The obvious comparison is Bryan Stevenson's amazing, Just Mercy. Mr. Olivares succeeds on many levels: in educating the reader on the history of the various immigration agencies; reporting on the 2018 Zero Tolerance Policy; placing his own story within the larger treatment of immigrants of all types in this country; persuading the reader to finish the book with contributing to restorative action. I only wish that the paper quality of this advance reader's edition was better because this is a book The obvious comparison is Bryan Stevenson's amazing, Just Mercy. Mr. Olivares succeeds on many levels: in educating the reader on the history of the various immigration agencies; reporting on the 2018 Zero Tolerance Policy; placing his own story within the larger treatment of immigrants of all types in this country; persuading the reader to finish the book with contributing to restorative action. I only wish that the paper quality of this advance reader's edition was better because this is a book I will have around for a long time.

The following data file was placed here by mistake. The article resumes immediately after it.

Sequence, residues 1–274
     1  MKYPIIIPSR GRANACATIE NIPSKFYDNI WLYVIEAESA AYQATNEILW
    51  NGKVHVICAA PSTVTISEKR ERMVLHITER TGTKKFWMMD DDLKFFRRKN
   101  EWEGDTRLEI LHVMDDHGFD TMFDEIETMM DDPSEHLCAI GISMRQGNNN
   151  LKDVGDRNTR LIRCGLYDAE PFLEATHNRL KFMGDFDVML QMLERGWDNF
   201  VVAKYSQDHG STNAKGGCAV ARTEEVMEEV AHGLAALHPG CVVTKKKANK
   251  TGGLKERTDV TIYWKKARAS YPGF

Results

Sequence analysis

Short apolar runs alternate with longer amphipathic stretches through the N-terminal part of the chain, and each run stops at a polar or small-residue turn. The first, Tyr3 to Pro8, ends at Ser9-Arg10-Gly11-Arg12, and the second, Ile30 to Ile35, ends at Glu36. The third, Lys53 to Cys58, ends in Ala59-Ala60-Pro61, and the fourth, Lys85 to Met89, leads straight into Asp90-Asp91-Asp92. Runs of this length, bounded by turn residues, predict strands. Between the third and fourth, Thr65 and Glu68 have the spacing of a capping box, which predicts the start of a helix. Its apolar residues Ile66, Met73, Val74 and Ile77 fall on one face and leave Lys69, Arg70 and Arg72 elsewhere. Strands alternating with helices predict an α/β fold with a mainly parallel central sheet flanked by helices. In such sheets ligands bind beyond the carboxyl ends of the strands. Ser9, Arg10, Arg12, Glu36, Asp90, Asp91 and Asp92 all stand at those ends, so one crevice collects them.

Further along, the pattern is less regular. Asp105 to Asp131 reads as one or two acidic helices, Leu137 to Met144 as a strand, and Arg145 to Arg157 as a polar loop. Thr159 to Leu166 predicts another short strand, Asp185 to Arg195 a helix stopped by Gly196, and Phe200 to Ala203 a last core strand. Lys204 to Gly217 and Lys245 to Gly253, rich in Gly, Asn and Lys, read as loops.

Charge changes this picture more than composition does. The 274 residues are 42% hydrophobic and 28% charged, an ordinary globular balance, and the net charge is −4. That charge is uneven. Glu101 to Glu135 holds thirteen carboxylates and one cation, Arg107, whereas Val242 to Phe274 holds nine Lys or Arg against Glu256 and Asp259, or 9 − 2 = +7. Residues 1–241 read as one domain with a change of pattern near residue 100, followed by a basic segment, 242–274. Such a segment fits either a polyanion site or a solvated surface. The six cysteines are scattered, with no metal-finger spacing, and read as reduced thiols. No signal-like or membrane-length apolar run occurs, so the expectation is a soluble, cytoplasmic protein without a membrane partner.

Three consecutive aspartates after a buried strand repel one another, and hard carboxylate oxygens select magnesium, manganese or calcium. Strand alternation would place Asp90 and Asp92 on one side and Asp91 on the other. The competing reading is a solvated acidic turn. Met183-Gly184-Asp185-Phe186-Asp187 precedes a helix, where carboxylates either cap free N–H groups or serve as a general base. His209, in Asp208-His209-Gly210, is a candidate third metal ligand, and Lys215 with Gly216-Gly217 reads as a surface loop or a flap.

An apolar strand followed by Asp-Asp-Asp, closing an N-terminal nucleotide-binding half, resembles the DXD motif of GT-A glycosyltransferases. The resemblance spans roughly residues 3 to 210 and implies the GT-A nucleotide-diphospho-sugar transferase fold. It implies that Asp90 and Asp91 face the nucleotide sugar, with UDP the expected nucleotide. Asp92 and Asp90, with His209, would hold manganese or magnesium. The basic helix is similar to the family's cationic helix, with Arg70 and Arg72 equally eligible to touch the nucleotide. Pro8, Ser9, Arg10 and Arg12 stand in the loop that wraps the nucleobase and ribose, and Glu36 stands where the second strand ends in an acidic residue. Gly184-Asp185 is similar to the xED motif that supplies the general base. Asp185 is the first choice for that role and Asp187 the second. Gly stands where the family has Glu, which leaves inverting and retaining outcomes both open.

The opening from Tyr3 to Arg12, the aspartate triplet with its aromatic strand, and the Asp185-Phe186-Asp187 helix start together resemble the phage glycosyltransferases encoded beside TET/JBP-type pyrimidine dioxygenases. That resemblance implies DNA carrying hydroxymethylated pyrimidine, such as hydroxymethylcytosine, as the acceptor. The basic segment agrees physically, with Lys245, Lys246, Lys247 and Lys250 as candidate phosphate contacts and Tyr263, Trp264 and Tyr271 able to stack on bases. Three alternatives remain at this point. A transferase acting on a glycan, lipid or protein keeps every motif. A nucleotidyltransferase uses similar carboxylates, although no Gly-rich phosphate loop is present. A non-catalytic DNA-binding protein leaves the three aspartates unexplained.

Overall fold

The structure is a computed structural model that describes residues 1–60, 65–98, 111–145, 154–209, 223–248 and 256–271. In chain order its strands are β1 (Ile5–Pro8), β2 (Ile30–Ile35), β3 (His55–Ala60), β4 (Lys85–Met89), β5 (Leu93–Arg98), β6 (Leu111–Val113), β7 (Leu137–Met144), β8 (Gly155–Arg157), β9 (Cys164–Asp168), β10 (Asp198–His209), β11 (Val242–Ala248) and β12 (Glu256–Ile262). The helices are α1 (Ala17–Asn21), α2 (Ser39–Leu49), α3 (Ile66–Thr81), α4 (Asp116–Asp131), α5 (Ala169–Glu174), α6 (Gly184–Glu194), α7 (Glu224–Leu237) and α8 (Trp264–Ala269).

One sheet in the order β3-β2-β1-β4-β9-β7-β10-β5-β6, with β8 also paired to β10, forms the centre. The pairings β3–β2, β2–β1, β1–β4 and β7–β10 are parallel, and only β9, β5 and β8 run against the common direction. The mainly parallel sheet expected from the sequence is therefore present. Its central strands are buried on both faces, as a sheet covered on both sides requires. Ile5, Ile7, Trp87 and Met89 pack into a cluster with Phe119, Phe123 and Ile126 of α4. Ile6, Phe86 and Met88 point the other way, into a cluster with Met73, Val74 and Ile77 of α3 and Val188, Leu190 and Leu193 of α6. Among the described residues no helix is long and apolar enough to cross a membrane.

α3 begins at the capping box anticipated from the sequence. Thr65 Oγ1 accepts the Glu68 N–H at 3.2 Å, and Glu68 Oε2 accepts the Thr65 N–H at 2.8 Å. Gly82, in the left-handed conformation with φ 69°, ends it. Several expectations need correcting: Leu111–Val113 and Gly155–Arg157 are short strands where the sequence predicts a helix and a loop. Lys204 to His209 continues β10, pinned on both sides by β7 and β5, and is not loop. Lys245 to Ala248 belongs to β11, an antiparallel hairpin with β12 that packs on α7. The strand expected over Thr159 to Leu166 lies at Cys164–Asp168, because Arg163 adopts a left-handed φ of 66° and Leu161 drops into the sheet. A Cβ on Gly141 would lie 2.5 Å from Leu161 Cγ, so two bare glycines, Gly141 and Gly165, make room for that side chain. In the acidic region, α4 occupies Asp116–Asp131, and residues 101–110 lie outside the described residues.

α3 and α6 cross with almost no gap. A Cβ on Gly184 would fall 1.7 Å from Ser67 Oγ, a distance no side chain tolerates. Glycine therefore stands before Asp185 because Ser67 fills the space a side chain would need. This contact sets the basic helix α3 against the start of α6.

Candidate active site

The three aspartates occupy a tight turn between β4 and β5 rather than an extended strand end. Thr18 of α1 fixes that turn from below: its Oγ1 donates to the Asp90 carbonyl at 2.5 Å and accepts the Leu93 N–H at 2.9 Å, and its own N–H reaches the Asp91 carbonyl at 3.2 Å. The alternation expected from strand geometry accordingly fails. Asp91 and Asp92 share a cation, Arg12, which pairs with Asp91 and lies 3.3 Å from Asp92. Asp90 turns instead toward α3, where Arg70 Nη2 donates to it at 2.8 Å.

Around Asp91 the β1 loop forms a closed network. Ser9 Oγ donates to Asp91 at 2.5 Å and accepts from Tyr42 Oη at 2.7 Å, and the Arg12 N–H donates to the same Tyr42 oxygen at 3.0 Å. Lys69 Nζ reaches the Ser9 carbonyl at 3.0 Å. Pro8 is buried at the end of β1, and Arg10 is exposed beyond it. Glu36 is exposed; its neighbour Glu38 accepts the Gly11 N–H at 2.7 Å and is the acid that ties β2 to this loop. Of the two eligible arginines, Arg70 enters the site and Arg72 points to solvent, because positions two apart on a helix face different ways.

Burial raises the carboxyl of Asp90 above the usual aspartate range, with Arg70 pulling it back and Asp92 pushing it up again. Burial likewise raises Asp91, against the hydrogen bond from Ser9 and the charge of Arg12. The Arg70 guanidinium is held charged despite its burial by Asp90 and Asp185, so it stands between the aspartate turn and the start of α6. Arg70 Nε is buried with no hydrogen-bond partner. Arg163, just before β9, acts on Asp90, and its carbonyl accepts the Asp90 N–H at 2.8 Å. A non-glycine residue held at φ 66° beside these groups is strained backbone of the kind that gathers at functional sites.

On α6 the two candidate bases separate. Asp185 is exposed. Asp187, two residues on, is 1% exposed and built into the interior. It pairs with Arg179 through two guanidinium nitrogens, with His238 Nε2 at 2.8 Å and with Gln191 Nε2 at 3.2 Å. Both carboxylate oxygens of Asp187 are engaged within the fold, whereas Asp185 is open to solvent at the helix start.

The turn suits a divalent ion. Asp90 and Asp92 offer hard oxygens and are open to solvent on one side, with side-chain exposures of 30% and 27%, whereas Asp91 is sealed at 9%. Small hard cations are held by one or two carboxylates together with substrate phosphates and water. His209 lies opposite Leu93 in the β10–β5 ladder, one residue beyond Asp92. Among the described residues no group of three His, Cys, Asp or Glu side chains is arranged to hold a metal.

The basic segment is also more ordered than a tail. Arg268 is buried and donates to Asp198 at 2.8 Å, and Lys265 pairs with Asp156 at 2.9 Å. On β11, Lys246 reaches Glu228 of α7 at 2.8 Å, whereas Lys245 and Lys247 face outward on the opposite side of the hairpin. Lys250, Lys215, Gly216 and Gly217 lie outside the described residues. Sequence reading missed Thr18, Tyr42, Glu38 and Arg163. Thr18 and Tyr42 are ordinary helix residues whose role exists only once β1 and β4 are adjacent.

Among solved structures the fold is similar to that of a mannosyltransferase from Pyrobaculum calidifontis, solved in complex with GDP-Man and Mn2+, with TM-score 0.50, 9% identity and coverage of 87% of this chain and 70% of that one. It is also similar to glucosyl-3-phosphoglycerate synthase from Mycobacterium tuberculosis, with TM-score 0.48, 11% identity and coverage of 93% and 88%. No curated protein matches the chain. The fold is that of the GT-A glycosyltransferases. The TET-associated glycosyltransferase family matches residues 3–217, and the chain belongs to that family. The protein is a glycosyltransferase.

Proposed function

6. 5 out of 5

    Sara

    Olivares details his experience working with families separated at the border in 2018, interspersed with his own experiences as an immigrant. He does a great job explaining complex intricacies and history of our immigration system, which provides critical context to what was happening in 2018.

  7. 5 out of 5

    Jenna

    Very well written, informative and eye opening while still keeping you engaged via storytelling.

  8. 5 out of 5

    Danielle | Dogmombookworm

  9. 5 out of 5

    Dianne Hurley

  10. 4 out of 5

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  14. 5 out of 5

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  16. 5 out of 5

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  17. 4 out of 5

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  18. 4 out of 5

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  20. 5 out of 5

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  22. 4 out of 5

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  23. 4 out of 5

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  24. 5 out of 5

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  26. 5 out of 5